- The Food and Drug Administration plans to launch a new study that will study consumers’ perceptions of risk information in direct-to-consumer (DTC) ads.
- The agency filed a request for comment in the federal register for the study, which aims to enroll 120 subjects in a pilot experiment and 400 participants across 5 different U.S. cities in two main experiments.
- The FDA's Office of Prescription Drug Promotion wants to investigate whether the lengthy lists of side effects, risks and warnings that come standard on drug ads could potentially overwhelm consumers and actually lessen attention to safety warnings.
DTC advertising, a staple of pharmaceutical marketing in the U.S., has always been controversial. As industry gets more sophisticated, however, the FDA is taking a closer look at whether the regulations governing how drugs' safety and efficacy is presented are actually working.
In March of last year, for example, the FDA launched a study to assess whether animation in DTC ads influences consumer behavior. A number of high-profile ad campaigns in recent years have featured cartoon characters to advertise for conditions that are more difficult to talk about, such as Valeant Pharmaceutical's "gut guy" for its irritable bowel syndrome drug Xifaxan (rifaximin).
The new FDA study will delve into the effects of repeating the same warnings in the Important Safety Information (ISI) and the brief summary page of DTC drug ads. While some research has found that repetition of information can improve consumer recall, researchers have also cautioned that "overwarning" may cause consumers to discount all risks or gloss over the most important risk information. When consumers see the same warning about risks repeatedly, they may just stop paying attention to the information.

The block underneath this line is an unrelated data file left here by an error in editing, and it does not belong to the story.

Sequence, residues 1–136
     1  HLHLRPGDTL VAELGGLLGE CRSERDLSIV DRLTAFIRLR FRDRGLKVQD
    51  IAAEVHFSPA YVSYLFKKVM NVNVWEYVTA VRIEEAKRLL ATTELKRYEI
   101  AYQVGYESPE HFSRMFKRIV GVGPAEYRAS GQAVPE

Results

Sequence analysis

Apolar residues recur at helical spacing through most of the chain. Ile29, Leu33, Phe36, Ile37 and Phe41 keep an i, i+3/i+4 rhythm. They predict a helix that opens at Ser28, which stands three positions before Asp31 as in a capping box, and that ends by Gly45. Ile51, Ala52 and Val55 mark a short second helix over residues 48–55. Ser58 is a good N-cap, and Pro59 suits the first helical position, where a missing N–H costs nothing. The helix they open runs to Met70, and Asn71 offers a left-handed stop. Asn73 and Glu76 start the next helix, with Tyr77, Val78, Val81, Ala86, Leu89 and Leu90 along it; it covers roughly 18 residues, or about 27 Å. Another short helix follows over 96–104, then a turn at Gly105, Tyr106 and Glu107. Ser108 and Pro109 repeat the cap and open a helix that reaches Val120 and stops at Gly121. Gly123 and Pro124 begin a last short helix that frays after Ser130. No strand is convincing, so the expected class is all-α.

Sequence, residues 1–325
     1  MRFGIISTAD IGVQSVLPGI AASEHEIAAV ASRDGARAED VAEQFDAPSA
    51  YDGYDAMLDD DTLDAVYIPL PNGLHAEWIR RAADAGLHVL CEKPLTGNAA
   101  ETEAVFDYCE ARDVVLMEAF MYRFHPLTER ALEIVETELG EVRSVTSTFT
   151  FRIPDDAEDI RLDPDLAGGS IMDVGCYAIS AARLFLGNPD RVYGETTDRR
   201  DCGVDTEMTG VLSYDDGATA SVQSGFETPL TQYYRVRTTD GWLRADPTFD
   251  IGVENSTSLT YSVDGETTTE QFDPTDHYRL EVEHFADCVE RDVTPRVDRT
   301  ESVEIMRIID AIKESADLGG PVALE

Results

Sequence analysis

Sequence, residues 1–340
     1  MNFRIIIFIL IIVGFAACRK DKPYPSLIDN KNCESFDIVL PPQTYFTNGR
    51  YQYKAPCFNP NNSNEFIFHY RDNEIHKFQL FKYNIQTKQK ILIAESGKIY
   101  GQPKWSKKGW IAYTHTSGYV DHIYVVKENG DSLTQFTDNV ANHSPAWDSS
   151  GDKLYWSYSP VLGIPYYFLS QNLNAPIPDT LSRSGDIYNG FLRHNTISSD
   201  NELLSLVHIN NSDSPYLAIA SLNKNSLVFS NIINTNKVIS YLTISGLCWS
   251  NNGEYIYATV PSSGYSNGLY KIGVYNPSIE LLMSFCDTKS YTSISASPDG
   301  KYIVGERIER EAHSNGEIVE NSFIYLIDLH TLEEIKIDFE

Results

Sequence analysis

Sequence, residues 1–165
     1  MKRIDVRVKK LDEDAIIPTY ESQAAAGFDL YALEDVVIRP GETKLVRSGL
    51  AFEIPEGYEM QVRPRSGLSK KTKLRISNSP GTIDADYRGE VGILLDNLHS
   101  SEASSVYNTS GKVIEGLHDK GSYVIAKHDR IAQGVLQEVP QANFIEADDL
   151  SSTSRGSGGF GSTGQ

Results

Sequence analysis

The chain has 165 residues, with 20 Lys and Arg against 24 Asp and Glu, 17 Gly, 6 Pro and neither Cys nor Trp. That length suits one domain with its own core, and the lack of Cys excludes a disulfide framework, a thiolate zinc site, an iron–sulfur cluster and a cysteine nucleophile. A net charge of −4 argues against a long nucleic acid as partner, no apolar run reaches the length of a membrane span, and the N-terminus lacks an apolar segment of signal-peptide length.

The FDA study will use eye tracking technology to monitor the perceptions of consumers about risks presented in the ISI and summary page of two DTC print ads — one an ad for a fictitious drug that treats rheumatoid arthritis and the other an ad for a fictitious drug treatment of overactive bladder.
The participants in the study will all self-identify as having the condition mentioned in the ads. The eye tracking technology will allow researchers to detect and measure where a participant looks while viewing a print ad, and for how long. The pattern of the subjects’ eye movements may also indicate attention to and processing of information in the ads, according to the FDA.
The consumers will be given 60 minutes to read the ads in the two main experiments. Participants in the experiments will also complete a questionnaire that assesses risk perception, risk recall, efficacy perceptions, efficacy recall and demographic and health literacy information. In the pilot study, the subjects will answer questions as part of a debriefing interview to assess the FDA study design and study questionnaire.